Ownership – In New Hampshire, it’s important to differentiate between mineral ownership and land ownership. The ownership of minerals in the state is separate from the land, and in most cases, private landowners own the mineral rights.

To collect minerals, it’s essential to obtain permission from the landowner, even if the land is public. In summary, understanding the laws and regulations governing rockhounding in New Hampshire is essential.

It’s important to obtain permission from the relevant authority before engaging in rockhounding activities, both on public and private land. 6) Sources & Further Reading

Learning more about rockhounding in New Hampshire requires extensive research.

Thankfully, there are a variety of sources available that provide information on the state’s geological history, mineral collections, and locations for rockhounding. Here are some recommended sources:

New Hampshire Rocks and Minerals: An Illustrated Guide to the State’s Geological History by Ronald E.

Januzzi – The guidebook is an authoritative and accessible source of information on the geology and mineralogy of New Hampshire. The New Hampshire Mineral Species website – The website provides a comprehensive guide to minerals in the state and includes information on location, appearance, and chemical composition.

The New Hampshire Geological and Mineral Survey website – The website provides an online database on the state’s geology and mineralogy. It includes a variety of academic papers and publications that serve as a great reference material for rockhounding enthusiasts.

Rockhounding New England: A Guide To 100 Of The Region’s Best Rockhounding sites by Peter Cristofono – This guidebook provides information on different locations and specimens across New England, including New Hampshire. Geology of New Hampshire: Part 1, Bedrock Geology by Richard D.

Little – This publication provides an in-depth look at the state’s bedrock geology. In summary, the recommended sources provide detailed information on the geology, mineralogy, and locations for rockhounding in New Hampshire.

They are an excellent starting point for rockhounding enthusiasts looking to learn more about New Hampshire’s rich geological history. In conclusion, rockhounding in New Hampshire offers enthusiasts a unique opportunity to explore the state’s rich geological history and acquire rare and unique specimens.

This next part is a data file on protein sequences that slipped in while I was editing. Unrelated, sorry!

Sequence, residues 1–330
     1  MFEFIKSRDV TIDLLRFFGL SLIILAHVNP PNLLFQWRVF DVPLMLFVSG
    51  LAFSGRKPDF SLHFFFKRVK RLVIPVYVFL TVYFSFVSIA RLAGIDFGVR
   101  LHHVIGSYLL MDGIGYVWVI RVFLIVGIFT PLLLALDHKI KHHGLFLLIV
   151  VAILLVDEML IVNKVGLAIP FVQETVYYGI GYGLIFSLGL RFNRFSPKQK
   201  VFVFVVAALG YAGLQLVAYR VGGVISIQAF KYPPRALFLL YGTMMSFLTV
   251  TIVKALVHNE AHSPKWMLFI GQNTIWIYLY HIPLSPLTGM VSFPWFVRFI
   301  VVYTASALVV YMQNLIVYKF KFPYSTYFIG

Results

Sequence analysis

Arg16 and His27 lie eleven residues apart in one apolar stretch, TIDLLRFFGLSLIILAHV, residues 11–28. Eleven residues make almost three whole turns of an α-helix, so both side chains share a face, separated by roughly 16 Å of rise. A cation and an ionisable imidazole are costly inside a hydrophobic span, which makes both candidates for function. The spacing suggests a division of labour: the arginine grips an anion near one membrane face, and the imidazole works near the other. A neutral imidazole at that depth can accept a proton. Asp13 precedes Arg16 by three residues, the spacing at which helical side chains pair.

From the abundance of pegmatite mines to the beautiful riverbeds and quarries, New Hampshire is a gold mine for rockhounding enthusiasts. However, it’s essential to be mindful of the laws and regulations when engaging in rockhounding activities.

Understanding the ownership status of the land and obtaining permission from the relevant authority is crucial. Overall, with the proper research and careful planning, rockhounding in New Hampshire offers a thrilling and rewarding experience for any mineral collector.


1. Is rockhounding legal in New Hampshire on public land?

Yes, rockhounding is legal on public land in New Hampshire, but there are restrictions, including the prohibition of the use of mechanical equipment and the requirement to obtain a permit for certain activities. 2.

Is it essential to have landowner permission for rockhounding on private land in New Hampshire? Yes, obtaining permission from the landowner is mandatory before engaging in rockhounding activities on private land in New Hampshire.

3. What are the best places for rockhounding in New Hampshire?

The White Mountains region, Ruggles Mine, and Grafton County mines are great locations for rockhounding enthusiasts, among other areas mentioned in the article. 4.

What are the most notable minerals found in New Hampshire? New Hampshire is home to a diverse collection of minerals, including tourmaline, beryl, garnet, amethyst, and quartz.

The most notable is the state gemstone, tourmaline. 5.

What are the laws and regulations concerning ownership of minerals in New Hampshire? In New Hampshire, the ownership of minerals is separate from land ownership, and private landowners usually own the mineral rights.

Obtaining permission from the landowner is essential before collecting minerals on private land.